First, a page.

- Ruben Navarrette: Napolitano DHS deportation record should worry students at UC
- He says her boss, Obama, lagged on immigration reform, but not on record deportations
- He says Napolitano has been "bad cop" to Obama's empty "good cop" rhetoric on immigration
- He says reform advocates should be concerned over whom Obama taps next for her job
When the University of California regents were looking for a new president for perhaps the best public university system in the world -- with 10 campuses and more than 230,000 students -- they chose Homeland Security Secretary Janet Napolitano?
What? Maricopa County Sheriff Joe Arpaio wasn't available?
At UCLA, UC Berkeley, and the other UC campuses, students who are undocumented immigrants -- the so-called DREAM'ers -- should be packing their stuff and seeking sanctuary at the nearest community college. One day, all UC students might need to produce their green cards, birth certificates, or proof of citizenship when they enroll.
Soon there will be a new sheriff in town. One who makes Wyatt Earp look like Andy Taylor.
It's easy to see why Napolitano might wants this plum assignment -- outgoing president Mark Yudof makes $591,000, triple her salary at DHS. (Yudof's total compensation: $847,149). The real question is why should Californians want her?
After all, this is a state where the population is more than 38% Hispanic. And, in the first three years of the Obama administration, with Napolitano -- a former Arizona governor -- at the helm riding herd over Obama's immigration policy, Hispanics were vocal in expressing their anger with them.
The president was heckled at the National Council of La Raza conference in July 2011 over the failure to honor his campaign promise to make immigration reform a priority, the record number of deportations on his watch, and his refusal to grant deferred status to DREAM'ers.
In Dec 2011, a survey by the Pew Hispanic Center found that Hispanics disapproved of the administration's handling of the immigration issue by a ratio of more than 2 to 1 -- 59% to 27%.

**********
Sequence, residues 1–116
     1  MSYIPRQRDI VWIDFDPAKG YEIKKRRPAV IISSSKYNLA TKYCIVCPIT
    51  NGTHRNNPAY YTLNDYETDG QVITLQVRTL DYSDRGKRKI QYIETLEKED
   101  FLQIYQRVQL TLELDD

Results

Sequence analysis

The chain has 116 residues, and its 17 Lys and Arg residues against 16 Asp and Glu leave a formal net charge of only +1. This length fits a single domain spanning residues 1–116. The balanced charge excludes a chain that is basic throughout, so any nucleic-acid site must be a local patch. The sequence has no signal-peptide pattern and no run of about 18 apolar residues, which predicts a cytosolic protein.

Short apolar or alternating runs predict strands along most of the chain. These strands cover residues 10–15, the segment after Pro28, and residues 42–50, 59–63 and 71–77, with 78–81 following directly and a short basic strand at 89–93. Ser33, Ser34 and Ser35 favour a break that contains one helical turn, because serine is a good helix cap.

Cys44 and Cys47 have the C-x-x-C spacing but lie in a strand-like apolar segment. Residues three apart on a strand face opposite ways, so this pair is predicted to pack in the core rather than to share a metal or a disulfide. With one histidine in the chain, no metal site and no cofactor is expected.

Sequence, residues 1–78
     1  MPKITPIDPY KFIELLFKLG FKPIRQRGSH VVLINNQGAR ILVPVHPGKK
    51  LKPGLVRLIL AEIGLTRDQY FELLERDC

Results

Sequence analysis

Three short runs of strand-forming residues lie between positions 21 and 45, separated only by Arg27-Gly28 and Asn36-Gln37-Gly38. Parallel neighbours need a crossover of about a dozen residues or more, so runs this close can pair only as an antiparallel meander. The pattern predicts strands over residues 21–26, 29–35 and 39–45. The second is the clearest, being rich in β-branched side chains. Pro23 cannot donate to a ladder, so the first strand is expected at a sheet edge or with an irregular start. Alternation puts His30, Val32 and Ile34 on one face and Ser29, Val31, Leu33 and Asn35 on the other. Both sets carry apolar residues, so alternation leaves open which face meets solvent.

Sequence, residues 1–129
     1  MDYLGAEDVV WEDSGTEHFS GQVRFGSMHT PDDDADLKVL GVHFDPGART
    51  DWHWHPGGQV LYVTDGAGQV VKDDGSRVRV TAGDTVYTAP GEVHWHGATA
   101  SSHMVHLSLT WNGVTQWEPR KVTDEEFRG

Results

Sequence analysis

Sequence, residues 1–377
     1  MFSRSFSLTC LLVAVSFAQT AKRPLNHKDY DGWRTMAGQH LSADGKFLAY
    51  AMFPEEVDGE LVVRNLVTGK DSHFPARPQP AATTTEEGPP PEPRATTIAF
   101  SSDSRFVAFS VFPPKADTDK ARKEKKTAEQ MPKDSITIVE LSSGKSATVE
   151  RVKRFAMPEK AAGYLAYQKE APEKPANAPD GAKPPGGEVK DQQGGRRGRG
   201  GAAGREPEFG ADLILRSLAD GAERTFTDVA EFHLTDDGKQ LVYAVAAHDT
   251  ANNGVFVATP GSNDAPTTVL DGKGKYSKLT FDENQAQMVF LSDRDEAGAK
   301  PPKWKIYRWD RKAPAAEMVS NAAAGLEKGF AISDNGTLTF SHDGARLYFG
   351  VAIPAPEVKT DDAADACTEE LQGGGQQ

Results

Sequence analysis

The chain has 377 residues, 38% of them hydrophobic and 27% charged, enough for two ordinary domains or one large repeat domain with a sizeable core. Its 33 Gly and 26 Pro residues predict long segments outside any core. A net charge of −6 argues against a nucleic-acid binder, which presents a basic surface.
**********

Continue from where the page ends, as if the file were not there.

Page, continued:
In June 2012, Obama announced an accommodation for DREAM'ers where they could apply for deferred status, get a work permit and avoid deportation for two years.
But those early years, 2009 to 2011, were terrible, and Napolitano took much of the flak. She is still persona non grata in parts of the Hispanic community.
In a statement last week, Arturo Carmona, executive director of Presente.org, a grass-roots organization that goes to bat for immigrants and seeks to give Latinos a voice in politics, was refreshingly direct. Napolitano will, he said, "go into the halls of history as President Barack Obama's go-to person for implementing the most repressive anti-Latino and anti-immigrant policies our nation has ever seen."
Meanwhile, Obama said this: "Since Day One, Janet has led my administration's effort to secure our borders, deploying a historic number of resources, while also taking steps to make our immigration system fairer and more consistent with our values."
At current rates, by the end of 2014 the Obama administration will have deported 2 million people, forced local police departments across the country through the Secure Communities program to enforce federal immigration law in an Arizona-crackdown style, divided hundreds of thousands of families, and -- according to data recently obtained by the Chicago-based National Immigration Justice Center through the Freedom of Information Act -- held hundreds of immigrant minors in adult detention facilities without access to legal counsel, for periods ranging from three days to six months.
Are these the values you're talking about, Mr. President?
Napolitano is a convenient villain for the Left. Yet she merely carried out the president's immigration strategy, which is three parts heavy-handed enforcement to one part feel-good rhetoric about supporting immigration reform with little action to back up the words.
This is the game that Obama and Napolitano have been running. Obama would talk about how he'd like to suspend the deportations; then Napolitano would deliver the reality check and say: "No way, Jose." Obama would address a Latino group and assure them -- falsely it turns out -- that the only people being deported are violent criminals; and Napolitano would brag to Congress about how her department has deported record numbers of people with all sorts of backgrounds and promise to remove more next year.
Obama was the good cop, and Napolitano was the bad cop. Now the bad cop is on her way out, and we're going to see how "good" the good cop really is.
Now that Napolitano is headed to California, many of us are holding our breath. Who knows what is coming our way?
Meanwhile, immigration reform advocates should hold their applause. Her boss is still in Washington, and he is still in charge of an immigration policy that has, for the last four and a half years, wreaked havoc on countless lives. Regardless of who replaces Napolitano, expect more of the same.
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